Taxpayers might face choice between popular deductions
Washington — Homeowners would be forced to choose between two popular tax deductions for local property taxes or mortgage interest under a potential compromise that House Republicans are considering as they craft the evolving tax revamp.
The nearly $6 trillion tax overhaul plan being pushed by President Donald Trump and Republican leaders in Congress promises to retain the deduction of mortgage interest from federal income taxes — a cherished tax break used by about 30 million Americans that supporters say is a catalyst to home ownership.
Republicans in high tax states such as New York, New Jersey and California are balking at the proposal from President Donald Trump and Republican leaders to eliminate the federal deduction for state and local taxes, fearing the economic impact on their constituents.
The possible deduction tradeoff is among several compromises being floated by Republican lawmakers to gain the support of their defecting colleagues from high-tax states. Their opposition threatens to derail tax legislation that’s seen as a political imperative for Republicans and President Donald Trump.
Rep. Chris Collins, R-N.Y., said Tuesday he and several other Republicans discussed possible ways around the current impasse on Monday with Rep. Kevin Brady, R-Texas, who heads the tax-writing House Ways and Means Committee.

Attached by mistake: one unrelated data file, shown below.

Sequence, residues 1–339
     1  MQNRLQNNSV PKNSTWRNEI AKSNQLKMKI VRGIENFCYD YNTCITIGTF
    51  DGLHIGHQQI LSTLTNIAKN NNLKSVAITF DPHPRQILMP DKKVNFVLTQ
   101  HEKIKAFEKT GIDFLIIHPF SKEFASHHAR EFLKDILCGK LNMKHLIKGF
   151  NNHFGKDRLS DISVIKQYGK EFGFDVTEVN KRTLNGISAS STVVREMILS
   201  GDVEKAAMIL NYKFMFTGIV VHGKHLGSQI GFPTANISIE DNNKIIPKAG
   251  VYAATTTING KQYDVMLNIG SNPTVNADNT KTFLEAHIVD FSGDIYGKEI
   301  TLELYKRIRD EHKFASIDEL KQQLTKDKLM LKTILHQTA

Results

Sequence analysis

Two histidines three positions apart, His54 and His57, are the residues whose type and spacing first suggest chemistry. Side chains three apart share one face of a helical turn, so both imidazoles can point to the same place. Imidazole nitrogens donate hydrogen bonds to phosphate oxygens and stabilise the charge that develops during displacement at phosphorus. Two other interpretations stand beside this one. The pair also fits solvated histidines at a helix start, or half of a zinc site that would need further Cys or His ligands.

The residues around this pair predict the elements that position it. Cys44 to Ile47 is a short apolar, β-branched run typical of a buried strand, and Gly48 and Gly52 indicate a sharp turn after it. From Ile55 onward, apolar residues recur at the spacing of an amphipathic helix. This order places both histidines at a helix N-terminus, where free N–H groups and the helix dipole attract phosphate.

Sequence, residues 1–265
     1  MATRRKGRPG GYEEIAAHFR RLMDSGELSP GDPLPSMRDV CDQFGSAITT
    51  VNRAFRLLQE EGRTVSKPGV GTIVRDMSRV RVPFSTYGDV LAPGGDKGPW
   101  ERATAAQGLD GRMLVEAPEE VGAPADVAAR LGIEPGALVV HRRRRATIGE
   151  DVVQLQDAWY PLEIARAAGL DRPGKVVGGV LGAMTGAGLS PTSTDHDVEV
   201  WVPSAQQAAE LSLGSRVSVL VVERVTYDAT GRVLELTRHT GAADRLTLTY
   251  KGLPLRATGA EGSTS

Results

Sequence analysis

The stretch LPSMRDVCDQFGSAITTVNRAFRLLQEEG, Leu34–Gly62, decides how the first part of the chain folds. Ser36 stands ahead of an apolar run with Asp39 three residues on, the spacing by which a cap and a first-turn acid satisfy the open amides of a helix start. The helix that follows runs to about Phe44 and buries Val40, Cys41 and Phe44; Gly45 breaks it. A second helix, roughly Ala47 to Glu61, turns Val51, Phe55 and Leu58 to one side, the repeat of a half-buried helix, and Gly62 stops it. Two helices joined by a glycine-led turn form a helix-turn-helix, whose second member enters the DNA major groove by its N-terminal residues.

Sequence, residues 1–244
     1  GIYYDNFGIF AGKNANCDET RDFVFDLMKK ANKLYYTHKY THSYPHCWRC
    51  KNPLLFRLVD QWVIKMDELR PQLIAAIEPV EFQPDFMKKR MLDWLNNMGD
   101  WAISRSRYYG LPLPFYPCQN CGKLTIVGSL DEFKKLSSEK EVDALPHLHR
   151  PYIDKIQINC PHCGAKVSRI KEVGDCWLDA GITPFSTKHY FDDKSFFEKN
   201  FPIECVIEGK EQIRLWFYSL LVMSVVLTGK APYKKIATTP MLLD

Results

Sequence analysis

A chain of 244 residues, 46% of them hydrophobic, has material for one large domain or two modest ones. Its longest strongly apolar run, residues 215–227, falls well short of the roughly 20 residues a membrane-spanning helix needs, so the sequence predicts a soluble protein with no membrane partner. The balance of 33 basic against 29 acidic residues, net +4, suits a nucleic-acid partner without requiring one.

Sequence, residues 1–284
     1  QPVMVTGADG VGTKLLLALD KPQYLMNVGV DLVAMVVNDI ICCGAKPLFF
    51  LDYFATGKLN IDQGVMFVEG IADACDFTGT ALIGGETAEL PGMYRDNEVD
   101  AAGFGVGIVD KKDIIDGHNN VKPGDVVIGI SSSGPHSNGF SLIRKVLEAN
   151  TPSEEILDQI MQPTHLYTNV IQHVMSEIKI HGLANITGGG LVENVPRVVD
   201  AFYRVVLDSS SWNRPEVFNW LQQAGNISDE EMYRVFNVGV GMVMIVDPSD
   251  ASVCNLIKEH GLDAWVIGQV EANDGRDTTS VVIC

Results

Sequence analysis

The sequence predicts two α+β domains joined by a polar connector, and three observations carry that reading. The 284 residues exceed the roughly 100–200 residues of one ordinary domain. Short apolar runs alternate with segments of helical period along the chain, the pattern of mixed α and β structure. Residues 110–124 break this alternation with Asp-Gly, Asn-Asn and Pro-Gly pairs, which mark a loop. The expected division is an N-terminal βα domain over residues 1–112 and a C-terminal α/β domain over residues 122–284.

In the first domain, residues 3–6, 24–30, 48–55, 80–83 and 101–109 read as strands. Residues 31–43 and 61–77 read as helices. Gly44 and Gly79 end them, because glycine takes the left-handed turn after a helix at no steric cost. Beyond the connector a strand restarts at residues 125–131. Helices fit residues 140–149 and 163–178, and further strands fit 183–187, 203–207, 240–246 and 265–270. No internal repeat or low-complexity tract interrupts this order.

“It looks like we’re going to have some compromise” on state and local tax deductions, Collins said Tuesday at the Capitol. “I am confident there will be an accommodation for the high-tax states.”
Other possibilities discussed included “some either-ors” like the home deduction tradeoff and “maybe some capping,” Collins said. That could mean limiting the amount homeowners could deduct on their local property taxes, for example, to correspond with a maximum $1 million of the home’s value, he suggested. Or further reducing the cap on the federal mortgage interest deduction, which currently allows homeowners to deduct interest on up to $1 million in mortgage debt.
Changes like those “would take the argument that this is a tax cut for the rich off the table,” Collins said.
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